Andy L. Vigil lowered his head and mumbled "guilty" Friday when the judge asked for his pleas to first-degree murder and sexual abuse of a child.

He was subsequently sentenced to serve the rest of his life in the Utah State Prison for beating his mother to death with a wooden baseball bat early on Sept. 2."The court will recommend to the Board of Pardons that the defendant not be subject to parole and that he serve the remainder of his life in the state prison," said 3rd District Judge Homer Wilkinson.

The judge also sentenced Vigil to a concurrent term of 1 to 15 years for sexually abusing a 4-year-old girl before he killed his mother.

Vigil, 20, was originally charged with sexually assaulting his mother, Juanita Madrigal, 40, and raping the 4-year-old girl. The aggravated sexual assault charge was dropped and the rape charge reduced as part of a plea bargain with the Salt Lake County attorney's office.

Prosecutors also agreed not to seekthe death penalty in exchange for his guilty pleas.

According to court documents and police reports, Vigil fondled a 4-year-old girl who his mother was baby-sitting. A 10-year-old in the house was awakened by the girl's crying and heard what sounded like a slap and a male voice saying, "Shut up, or I'll hurt your brother."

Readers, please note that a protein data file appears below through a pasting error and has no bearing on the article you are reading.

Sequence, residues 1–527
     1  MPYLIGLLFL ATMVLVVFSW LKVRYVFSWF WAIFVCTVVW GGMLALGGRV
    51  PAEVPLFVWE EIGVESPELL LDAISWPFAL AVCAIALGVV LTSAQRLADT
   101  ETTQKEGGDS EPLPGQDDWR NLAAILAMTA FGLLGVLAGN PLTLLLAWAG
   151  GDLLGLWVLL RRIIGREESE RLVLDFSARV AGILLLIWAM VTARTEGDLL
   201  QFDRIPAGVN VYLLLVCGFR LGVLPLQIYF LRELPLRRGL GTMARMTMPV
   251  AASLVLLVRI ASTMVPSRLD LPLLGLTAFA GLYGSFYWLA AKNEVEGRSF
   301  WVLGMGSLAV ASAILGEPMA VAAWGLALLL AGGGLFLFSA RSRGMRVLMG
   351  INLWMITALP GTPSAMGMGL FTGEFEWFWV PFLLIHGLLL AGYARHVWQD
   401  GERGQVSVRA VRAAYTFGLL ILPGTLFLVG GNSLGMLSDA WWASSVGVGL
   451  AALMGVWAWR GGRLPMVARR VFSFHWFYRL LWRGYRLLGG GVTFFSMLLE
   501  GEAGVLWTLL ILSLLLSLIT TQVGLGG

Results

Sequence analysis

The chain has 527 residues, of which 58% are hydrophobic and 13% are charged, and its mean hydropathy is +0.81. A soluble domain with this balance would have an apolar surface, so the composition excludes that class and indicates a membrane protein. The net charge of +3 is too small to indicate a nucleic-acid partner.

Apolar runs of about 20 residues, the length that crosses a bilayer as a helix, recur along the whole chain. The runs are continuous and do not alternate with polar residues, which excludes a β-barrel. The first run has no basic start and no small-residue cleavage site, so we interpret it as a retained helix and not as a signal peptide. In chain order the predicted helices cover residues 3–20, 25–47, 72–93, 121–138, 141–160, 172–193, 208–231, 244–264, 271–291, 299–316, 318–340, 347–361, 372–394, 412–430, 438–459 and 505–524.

A medical examiner who examined the girl discovered evidence of sexual abuse and found that the girl had injuries to her eye and behind her ear consistent with being slapped or struck with an adult's hand, court documents state.

Prosecutors said Vigil then walked into his mother's room carrying a baseball bat. The young witness then heard a sound "like something hitting something." Vigil then ordered his mother to disrobe. She agreed, but reminded him that she was his mother and that there was a 1-month-old baby sleeping on the bed, the documents state.

Vigil later came out of the bedroom carrying the bat and said his mother had been injured and needed help. He returned a few minutes later without the bat. Investigators found a bloodied bat on the roof of a carport, prosecutors said.

Police discovered Madrigal, partially clothed, on her bed with several head wounds. She died about 12 hours later from head injuries that were consistent with being inflicted by a baseball bat, according to the court papers.

Defense attorney Brooke Wells said she felt the plea bargain was "an appropriate disposition to a very difficult and tragic situation."

She said Vigil, too, felt it was best not to fight the charges with a trial. "His demeanor shows extraordinary remorse and I think he's a young man with a broken heart."

Prosecutor Rick MacDougall said justice was served in the agreement because the plea bargain permitted the state to spare the young children the trauma of having to testify in court. Many other witnesses would have been family members, and it would have been difficult for them as well, he said.

The defendant's youth was another mitigating factor that helped convince the state not to seek the death penalty.